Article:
John Mackey: The Whole Story Behind Whole Foods
John Mackey: The Whole Story Behind Whole Foods
In the words of John Mackey,
Philosophy really taught me how to think. It taught me how to think critically, rationally to see what’s a bad argument, what’s a good argument, to be able to defend my positions with logic and reason and facts and evidence.
CEO of Whole Foods Mackey credits his study of philosophy for much of his worldview… and, importantly, his success in business.
When we are not ruled by emotions, he explains, we can achieve true clarity about priorities and important decisions.
Mackey didn’t set out to be an entrepreneur or a philosopher, but he did have a strong desire to understand himself, the world around him and his place in it. Interestingly, he chose to live in a vegetarian co-op in college… though he was not a vegetarian at the time.
It was there that he had what he describes as a “food awakening” and immersed himself in the world of cooking, nutrition and the advantages of organic, whole foods. This interest led him to work in a small natural foods store and ultimately to an epiphany: “You know, I could do this. I could have my own store.”
From Humble Beginnings to Unprecedented Success
While we might simply say “and the rest was history,” the story has interesting twists and turns along the way, as is always the case. Through it all, John kept a hold of his vision and relied on his principles to guide him.
The store that would eventually be called Whole Foods started out as SaferWay, and Mackey and his girlfriend worked in the store during the day and slept on a futon in an upstairs office at night.
He wasn’t powered or motivated at the time by any canned business school knowledge but by something more powerful: the energy and creativity of youth. He could easily think outside the box, he reflects, because he had never been in the box in the first place.
He points to others who started building their empires at a young age: Steve Jobs, Bill Gates, Michael Dell and Mark Zuckerberg. The energy and creativity of youth were key drivers for him, and he tries to similarly inspire young employees when he visits Whole Foods stores across the country.
Mackey believes in fueling young energy with positive feedback. Ultimately, he explains, most people are putting forward effort that is not fully appreciated, and true validation from leadership not only encourages them but leads to top-notch customer service and the success that goes with it.
It turns out that SaferWay was not as successful at first as one might imagine, considering the multibillion-dollar employer of tens of thousands of people that Whole Foods is today. “We unnecessarily restricted the market too narrowly,” Mackey explains, saying that they were trying to hold too tightly to a pure vision of how people should eat.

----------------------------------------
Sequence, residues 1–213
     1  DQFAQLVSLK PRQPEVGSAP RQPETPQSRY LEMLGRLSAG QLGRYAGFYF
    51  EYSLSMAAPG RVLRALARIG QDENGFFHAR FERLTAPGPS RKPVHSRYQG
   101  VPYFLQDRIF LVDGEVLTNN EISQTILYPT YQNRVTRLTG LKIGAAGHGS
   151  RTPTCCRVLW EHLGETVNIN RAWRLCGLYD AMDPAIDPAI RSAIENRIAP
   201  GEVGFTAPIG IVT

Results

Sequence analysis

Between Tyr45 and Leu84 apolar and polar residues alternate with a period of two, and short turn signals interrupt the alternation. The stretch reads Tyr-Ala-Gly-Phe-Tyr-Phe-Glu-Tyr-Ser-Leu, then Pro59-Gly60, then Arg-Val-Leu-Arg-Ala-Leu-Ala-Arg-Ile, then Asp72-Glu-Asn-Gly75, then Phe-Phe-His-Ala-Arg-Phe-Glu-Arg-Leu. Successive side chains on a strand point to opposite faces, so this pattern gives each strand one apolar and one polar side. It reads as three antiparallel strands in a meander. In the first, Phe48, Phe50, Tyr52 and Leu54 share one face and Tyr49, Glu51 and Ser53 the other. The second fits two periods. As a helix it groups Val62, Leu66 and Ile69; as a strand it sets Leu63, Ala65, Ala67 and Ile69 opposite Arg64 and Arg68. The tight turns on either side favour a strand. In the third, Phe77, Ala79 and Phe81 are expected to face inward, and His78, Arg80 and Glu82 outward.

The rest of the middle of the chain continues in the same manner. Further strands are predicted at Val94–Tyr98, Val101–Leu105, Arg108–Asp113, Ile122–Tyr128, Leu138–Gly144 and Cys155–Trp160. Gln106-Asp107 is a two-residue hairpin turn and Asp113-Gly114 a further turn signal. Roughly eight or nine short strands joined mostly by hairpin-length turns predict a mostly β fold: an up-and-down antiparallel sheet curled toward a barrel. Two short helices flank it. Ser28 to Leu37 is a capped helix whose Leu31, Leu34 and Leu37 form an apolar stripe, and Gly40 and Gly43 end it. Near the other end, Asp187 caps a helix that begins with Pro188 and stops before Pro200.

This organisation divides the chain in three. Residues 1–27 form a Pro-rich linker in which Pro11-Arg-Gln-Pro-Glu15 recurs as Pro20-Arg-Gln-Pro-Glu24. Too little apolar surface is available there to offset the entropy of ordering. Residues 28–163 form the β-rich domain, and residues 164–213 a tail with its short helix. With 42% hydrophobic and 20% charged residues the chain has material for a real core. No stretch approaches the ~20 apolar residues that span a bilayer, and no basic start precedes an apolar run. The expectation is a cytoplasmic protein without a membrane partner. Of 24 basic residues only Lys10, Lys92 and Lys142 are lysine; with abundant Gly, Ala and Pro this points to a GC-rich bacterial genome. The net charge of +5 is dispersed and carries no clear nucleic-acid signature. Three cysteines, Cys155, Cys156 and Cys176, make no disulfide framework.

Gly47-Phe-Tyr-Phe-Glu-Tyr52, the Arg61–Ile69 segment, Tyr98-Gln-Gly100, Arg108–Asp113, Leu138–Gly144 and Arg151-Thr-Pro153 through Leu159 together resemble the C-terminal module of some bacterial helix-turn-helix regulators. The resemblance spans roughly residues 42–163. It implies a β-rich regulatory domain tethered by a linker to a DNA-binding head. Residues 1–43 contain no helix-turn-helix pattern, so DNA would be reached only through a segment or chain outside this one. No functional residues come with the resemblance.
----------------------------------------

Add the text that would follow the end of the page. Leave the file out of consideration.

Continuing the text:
To Survive, You Must Evolve
He found a way to evolve the store without compromising his core principles by deciding “we’re going to still be natural, still going to be organic, still going to be focused around health, but we are going to sell some products that have sugar in them. We are going to sell beer and wine. We’re going to sell coffee. We’re going to sell meat. We’re going to sell what people want to buy but within the natural and organic framework.”
The wisdom of the approach became apparent just months after the newly packaged Whole Foods opened in Austin, Texas. In John’s own words, “Whole Foods became the highest-flying natural food store in the United States… It was a huge success.”
Some criticize him for letting go of the initial vision, and as a vegan Mackey doesn’t even eat all the food that is sold in the store. Meeting the needs of the target market is a bottom-line and practical decision for him. Essentially, his consumers are voting with their dollars, and he has been successful by meeting their demands.
Perhaps it is a delicate balance for him, but he explains, “I’ve been an idealist, but I’m also a pragmatist. What’s the art of the possible? What is it possible to do today?” Basically, he is pragmatic about the trade-offs he makes and he does not see them as compromises. Instead, he holds true to a larger vision that has served him… and millions of Americans… very well.
This vision is girded by high-quality standards that Mackey will not budge on. Within that framework, he seeks to meet the demands of both foodies who seek pleasure from the store’s offerings and puritan elements who seek health benefits as the primary driver behind their food purchases.
He encourages and models for us the value of defining a purpose and core values and not drifting from them. Your purpose is your North Star and the path you follow so that you never stray far from your values.
Keeping the Stakeholders in Mind
His second piece of advice is to keep all relevant stakeholders in mind. That includes the investors, employees, customers and even suppliers. It is a delicate balance, but any decision that benefits one group and disadvantages another is a decision to reconsider.
Finally, he points out that many of the most successful people of our time built something of their own and did not get wealthy working for someone else. When we build on the foundation of our vision, whether that be brick and mortar or online, we create a path to success for ourselves.
John Mackey is a true example of the philosophy and approach he puts forward. “Life’s too short to settle for less than your very best effort!” he encourages.
I agree wholeheartedly!
Dr. Patrick Gentempo